NCPA - National Center for Policy Analysis

Bureaucratization and Federal Oversight are Stifling Charter Schools

May 15, 2014

According to Frederick Hess, director of education policy studies at the American Enterprise Institute, and Michael McShane, research fellow, large bipartisan support exists for establishing charter schools. On May 9, the House of Representatives passed the Success and Opportunity through Quality Charter Schools Act to provide federal funding to expand the charter system throughout the country.

Hess and McShane cite statistics demonstrating the widespread support for these schools:

  • Charter school enrollment has doubled since 2006.
  • 90 percent of students in New Orleans and 43 percent of students in Washington, D.C., are educated in charter schools.
  • More than 2.2 million K-12 students are enrolled in the 6,000 charter schools across the nation.

Children from low-income backgrounds have especially benefited from charter schools. According to a Stanford University study, students in charters outperform traditional public school students in reading, and students below the poverty line perform better in charter schools than in public schools on standardized tests. Unfortunately, bureaucratization and regulation endanger the charter school movement.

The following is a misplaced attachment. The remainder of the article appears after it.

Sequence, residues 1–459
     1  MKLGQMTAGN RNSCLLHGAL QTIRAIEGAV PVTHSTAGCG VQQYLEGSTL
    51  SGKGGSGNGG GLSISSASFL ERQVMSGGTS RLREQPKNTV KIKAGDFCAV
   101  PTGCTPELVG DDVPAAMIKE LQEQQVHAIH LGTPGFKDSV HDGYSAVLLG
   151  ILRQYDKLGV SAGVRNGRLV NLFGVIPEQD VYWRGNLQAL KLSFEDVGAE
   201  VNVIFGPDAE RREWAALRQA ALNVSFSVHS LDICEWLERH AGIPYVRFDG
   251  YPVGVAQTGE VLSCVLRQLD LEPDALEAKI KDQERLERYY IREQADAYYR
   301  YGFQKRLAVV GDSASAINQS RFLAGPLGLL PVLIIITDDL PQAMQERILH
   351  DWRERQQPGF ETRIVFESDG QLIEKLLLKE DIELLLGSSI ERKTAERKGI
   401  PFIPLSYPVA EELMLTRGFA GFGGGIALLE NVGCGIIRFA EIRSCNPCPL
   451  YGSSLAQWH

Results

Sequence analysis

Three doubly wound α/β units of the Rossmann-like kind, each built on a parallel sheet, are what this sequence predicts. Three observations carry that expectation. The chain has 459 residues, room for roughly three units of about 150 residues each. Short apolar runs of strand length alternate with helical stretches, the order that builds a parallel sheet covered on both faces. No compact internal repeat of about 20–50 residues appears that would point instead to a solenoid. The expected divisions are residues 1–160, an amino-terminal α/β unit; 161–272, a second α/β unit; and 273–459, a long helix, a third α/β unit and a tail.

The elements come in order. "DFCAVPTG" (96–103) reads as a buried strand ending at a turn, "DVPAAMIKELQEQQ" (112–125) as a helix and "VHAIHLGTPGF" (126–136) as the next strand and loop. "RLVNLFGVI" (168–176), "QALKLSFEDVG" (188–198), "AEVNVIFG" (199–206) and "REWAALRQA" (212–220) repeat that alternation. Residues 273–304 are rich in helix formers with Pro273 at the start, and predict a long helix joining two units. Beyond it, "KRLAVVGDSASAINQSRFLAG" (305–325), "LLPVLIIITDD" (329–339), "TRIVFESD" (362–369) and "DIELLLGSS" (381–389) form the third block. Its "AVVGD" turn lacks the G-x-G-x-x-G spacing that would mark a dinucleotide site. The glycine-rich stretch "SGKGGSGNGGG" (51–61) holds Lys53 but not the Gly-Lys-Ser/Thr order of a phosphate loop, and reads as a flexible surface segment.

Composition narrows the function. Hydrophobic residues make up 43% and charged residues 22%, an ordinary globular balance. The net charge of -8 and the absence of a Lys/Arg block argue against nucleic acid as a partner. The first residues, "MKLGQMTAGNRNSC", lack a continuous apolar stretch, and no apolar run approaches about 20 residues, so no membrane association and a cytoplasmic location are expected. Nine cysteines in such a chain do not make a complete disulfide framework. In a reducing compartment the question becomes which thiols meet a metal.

• Of the eight schools that applied for charter status in D.C., not one application was shorter than 200 pages, with the longest being more than 700 pages.
  • New York, South Carolina, Florida, and Delaware did not exempt charter schools from state-wide evaluation systems, forcing them to use the same measurements as traditional public schools, even though they may value different criteria.
  • In New Orleans, charter schools have been pressured to adopt a standardized discipline system and a standardized enrollment procedure, posing a problem for schools with different approaches.

If this impulse to regulate is left unchecked, warn Hess and McShane, it's possible that a high achieving charter school of today could become a failing public school of tomorrow. Charters were intended as an alternative to traditional public schools, and constraining them in the way that we constrain public schools is not the way to improve education.

Source: Frederick M. Hess and Michael Q. McShane, "Loving Charter Schools to Death," American Enterprise Institute, May 9, 2014.


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